4. Catcher

Now we’re into the positions where I think most of the focus will be for this winter, although the catcher attention could be a short burst early on and then little else. Boston has a decision to make early on in the offseason with Christian Vázquez’s $7 million option for next season. Coming off a disappointing season, I don’t see it as a slam dunk to pick it up, but it’s hard enough to find catchers that I lean towards them doing so. And then even if they do, they will have to look at their backup situation and whether Kevin Plawecki’s relationship with Nathan Eovaldi is enough to keep him in arbitration. I suspect they will, but things could be interesting behind the plate, and as with first base I suspect they’ll keep an eye on the catching market. If they find someone they like, Vázquez would be a tradeable player.

3. Second Base

In terms of position players, second base feels like the most obvious place for outside help. Frankly, I’m a bit surprised people are as keen as they seem to be about keeping Christian Arroyo as an everyday player. I love the skillset as a bench infielder, but between his struggles to stay healthy and his offensive skillset, I think they could very well do better. Arroyo had a solid year by the end of it, but his 106 wRC+ seems hard to sustain given his 24 percent strikeout rate, four percent walk rate, and good-but-not-great power. He’s a better player than I thought he would be, but I don’t see that as a starting-caliber player on a contending roster. I’ve also seen calls for José Iglesias, but he is another player that feels like a great bench fit, but not someone who should be starting for a team that is expecting a playoff spot.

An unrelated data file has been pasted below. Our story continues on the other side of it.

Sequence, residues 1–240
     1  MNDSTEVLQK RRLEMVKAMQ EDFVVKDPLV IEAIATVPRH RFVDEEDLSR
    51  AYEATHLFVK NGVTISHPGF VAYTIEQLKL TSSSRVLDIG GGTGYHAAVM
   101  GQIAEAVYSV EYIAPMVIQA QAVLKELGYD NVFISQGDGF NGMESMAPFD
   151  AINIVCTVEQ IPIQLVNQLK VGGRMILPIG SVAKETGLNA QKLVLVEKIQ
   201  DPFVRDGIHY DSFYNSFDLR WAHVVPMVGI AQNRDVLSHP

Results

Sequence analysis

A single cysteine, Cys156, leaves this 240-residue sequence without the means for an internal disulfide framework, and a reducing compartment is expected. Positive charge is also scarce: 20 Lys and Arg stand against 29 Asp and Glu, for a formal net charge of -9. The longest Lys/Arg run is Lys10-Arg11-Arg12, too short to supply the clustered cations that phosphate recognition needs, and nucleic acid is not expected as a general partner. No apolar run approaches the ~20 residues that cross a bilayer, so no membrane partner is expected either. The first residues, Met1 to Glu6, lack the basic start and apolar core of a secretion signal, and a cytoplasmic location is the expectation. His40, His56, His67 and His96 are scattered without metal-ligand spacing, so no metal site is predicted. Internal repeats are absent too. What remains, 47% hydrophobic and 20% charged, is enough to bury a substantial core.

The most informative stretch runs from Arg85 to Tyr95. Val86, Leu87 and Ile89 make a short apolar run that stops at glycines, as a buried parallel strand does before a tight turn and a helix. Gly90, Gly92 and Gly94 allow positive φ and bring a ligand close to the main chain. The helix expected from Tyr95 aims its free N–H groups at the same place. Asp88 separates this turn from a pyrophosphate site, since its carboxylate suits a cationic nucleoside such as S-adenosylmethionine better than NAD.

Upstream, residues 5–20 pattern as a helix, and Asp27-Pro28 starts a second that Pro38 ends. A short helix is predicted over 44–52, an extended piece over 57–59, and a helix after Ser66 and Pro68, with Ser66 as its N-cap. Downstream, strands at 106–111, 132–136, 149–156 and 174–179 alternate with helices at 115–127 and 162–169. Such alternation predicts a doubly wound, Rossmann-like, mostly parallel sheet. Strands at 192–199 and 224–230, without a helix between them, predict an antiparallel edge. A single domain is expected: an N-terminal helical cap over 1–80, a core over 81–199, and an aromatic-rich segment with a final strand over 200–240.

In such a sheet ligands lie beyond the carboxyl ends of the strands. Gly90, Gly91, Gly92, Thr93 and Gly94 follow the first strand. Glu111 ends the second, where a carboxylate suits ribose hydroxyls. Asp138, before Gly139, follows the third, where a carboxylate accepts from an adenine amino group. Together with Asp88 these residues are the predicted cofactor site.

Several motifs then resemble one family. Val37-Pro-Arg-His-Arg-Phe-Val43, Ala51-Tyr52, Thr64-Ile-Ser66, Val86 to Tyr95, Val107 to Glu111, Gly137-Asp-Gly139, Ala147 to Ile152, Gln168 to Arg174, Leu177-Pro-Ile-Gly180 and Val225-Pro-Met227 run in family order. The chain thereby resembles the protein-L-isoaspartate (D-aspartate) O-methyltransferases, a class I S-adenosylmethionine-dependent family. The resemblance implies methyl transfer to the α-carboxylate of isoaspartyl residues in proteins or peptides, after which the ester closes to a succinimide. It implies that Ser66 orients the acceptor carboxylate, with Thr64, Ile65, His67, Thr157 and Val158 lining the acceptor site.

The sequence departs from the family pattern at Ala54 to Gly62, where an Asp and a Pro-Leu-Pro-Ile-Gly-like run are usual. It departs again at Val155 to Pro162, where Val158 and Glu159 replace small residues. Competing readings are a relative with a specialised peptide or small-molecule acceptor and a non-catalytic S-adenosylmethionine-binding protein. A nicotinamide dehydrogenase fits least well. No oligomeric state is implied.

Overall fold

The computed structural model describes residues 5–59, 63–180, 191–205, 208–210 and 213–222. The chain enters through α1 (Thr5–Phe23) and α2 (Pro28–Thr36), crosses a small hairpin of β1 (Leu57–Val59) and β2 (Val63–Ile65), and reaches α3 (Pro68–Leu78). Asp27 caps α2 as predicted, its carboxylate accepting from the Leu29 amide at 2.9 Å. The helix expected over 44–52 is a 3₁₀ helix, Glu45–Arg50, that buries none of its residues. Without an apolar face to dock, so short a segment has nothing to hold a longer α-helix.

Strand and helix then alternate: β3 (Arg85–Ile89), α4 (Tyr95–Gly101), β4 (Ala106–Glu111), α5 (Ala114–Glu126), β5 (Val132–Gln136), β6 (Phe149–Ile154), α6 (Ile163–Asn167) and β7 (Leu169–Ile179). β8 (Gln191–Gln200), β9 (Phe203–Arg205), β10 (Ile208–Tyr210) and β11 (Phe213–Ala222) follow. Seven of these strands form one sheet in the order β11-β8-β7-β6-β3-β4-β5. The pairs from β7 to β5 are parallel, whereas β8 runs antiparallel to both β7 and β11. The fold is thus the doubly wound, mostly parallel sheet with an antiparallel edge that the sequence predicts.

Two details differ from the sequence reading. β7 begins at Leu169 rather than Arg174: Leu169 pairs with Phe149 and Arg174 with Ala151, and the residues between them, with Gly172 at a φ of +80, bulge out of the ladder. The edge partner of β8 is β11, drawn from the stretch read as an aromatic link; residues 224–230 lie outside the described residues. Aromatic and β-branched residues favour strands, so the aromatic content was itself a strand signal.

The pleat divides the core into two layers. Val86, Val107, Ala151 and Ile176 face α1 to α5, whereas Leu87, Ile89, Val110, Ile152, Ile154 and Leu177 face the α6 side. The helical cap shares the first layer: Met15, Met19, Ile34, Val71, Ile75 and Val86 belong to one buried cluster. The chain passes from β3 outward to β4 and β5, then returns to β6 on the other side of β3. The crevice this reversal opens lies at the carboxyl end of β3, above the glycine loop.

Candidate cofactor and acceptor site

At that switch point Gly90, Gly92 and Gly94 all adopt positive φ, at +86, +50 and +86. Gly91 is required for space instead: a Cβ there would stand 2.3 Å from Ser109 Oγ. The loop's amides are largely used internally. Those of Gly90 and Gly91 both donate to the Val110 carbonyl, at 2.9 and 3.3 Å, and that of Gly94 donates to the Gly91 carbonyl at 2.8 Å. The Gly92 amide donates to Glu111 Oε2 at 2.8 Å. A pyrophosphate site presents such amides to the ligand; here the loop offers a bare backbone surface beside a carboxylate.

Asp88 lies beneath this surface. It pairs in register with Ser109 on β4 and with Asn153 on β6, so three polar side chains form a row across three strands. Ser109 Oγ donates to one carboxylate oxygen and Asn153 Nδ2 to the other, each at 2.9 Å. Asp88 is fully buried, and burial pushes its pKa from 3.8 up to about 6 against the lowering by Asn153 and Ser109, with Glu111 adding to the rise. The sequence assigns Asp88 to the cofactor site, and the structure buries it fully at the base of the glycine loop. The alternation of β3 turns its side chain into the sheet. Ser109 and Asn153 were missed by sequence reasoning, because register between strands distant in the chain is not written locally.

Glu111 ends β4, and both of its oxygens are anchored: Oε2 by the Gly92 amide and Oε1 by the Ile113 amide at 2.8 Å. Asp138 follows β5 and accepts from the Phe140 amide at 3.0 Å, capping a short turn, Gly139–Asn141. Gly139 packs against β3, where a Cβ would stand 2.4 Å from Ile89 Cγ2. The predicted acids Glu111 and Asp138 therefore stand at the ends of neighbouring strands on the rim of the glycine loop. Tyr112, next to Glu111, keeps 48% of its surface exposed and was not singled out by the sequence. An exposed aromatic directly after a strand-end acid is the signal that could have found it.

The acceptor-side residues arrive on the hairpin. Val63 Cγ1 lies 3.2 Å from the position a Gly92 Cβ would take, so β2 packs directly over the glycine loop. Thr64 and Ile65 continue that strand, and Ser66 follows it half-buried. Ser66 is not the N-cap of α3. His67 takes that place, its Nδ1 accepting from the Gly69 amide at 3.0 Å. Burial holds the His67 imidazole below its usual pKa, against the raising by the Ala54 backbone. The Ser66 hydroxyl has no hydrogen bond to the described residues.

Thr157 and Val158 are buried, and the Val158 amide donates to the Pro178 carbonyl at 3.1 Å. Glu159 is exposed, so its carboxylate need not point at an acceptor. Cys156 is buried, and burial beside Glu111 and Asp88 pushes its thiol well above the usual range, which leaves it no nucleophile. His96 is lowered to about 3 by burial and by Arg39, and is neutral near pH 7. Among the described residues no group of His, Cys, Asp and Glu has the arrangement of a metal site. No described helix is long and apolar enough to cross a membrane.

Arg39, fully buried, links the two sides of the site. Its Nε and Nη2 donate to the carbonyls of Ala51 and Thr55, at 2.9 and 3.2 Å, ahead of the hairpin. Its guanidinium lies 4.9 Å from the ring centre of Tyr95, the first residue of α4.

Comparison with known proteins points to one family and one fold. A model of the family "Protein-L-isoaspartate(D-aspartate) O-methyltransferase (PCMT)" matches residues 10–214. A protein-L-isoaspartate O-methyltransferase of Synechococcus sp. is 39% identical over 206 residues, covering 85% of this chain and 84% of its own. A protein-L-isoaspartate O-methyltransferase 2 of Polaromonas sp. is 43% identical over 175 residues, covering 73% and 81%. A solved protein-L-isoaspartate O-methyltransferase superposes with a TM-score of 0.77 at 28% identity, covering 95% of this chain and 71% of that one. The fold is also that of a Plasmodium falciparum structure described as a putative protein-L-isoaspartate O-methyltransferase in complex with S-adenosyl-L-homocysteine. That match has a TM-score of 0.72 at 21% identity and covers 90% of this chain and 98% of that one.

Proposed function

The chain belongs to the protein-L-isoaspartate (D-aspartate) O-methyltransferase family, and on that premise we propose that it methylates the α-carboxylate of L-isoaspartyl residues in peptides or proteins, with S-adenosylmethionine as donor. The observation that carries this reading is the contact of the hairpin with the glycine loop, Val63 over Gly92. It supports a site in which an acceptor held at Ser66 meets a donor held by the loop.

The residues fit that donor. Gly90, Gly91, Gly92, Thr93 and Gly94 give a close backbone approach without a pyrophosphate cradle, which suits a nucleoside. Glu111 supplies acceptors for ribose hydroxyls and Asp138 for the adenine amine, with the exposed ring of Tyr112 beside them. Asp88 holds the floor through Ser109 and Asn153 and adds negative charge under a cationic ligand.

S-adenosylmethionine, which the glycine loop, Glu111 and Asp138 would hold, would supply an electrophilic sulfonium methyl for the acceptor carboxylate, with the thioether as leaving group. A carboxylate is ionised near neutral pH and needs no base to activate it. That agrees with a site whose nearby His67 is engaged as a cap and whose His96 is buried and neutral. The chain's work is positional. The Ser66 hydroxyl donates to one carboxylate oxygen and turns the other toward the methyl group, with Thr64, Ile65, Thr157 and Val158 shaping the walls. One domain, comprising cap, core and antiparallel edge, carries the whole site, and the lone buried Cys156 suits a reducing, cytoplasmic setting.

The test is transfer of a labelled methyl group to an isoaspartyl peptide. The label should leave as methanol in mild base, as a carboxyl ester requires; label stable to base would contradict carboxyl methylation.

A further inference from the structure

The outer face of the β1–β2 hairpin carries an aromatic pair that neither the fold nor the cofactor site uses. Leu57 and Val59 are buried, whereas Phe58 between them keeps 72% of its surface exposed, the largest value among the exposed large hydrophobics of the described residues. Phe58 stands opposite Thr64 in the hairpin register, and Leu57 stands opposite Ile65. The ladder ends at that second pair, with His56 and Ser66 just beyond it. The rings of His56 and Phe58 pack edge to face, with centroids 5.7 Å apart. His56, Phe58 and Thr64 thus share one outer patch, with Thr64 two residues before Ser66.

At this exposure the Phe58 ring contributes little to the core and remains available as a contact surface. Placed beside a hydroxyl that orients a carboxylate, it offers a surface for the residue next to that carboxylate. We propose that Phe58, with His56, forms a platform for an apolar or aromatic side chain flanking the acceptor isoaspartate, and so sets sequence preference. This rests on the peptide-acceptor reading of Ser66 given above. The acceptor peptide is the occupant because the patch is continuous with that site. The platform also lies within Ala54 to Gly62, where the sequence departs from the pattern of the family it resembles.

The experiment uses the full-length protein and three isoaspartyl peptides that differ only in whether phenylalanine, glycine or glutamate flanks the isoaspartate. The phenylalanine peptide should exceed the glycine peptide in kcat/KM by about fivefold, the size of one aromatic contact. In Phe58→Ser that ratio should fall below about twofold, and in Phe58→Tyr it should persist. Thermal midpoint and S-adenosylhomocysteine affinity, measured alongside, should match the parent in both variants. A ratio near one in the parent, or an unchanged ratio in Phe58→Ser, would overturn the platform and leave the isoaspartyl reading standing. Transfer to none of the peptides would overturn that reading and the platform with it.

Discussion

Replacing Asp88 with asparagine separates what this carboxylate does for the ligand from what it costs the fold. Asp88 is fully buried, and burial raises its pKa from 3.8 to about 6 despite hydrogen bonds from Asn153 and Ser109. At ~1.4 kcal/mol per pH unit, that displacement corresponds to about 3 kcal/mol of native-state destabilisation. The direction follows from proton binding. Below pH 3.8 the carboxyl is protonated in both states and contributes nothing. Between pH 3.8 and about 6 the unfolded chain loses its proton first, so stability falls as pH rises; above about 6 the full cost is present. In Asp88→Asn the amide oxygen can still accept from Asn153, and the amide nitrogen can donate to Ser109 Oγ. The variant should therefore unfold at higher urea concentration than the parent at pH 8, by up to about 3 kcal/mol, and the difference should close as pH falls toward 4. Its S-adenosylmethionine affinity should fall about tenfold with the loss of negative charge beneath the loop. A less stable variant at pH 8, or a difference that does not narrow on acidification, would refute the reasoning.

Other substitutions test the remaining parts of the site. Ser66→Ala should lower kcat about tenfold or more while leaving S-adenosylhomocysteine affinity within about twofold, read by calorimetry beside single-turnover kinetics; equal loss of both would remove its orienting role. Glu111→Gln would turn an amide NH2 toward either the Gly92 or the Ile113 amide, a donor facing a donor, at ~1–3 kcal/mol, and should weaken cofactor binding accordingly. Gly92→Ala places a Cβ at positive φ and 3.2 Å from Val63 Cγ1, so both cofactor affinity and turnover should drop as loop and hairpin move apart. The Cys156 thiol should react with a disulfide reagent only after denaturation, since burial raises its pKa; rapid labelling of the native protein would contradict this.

2. Starting Pitching

We’re talking about the Red Sox, which pretty much always means the pitching is going to be most premium this offseason. That said, I think the rotation is actually a bit more set than the bullpen. They definitely need one clear-cut top five pitcher. I can live with a Chris Sale/Nathan Eovaldi top two, but right now Nick Pivetta is probably your number three and you need someone else to be the bridge between the top end and the back end, and that bridge should be closer in talent to Sale and Eovaldi than Pivetta. They Red Sox don’t necessarily have to push for Max Scherzer, but the next tier in free agency should be a primary target area. And then beyond that I’d also look for another average-ish arm to put into the back-end mix along with Pivetta, Tanner Houck, and Garrett Whitlock. While Boston’s pitching stayed remarkably healthy in 2021, they can’t count on that continuing into 2022.

1. Relief Pitcher

Different people have different perspectives on the pros and cons of spending big on relief pitching, and that’s all well and good. Regardless of the approach they take, the Red Sox need to find some bullpen help this winter, and that’s especially true if Houck and Whitlock enter the season as part of the rotation picture. That seems likely to be the case, and so that means the Red Sox would be left with a back-end of Matt Barnes, Josh Taylor, Ryan Brasier, Darwinzon Hernandez, and Hirokazu Sawamura. That’s not going to cut it. Not even close. There are some interesting options ready to come up from Worcester, but there needs to be some real attention to this group. I’d prefer a mix of established names and potential diamond in the roughs, but either way new faces are needed.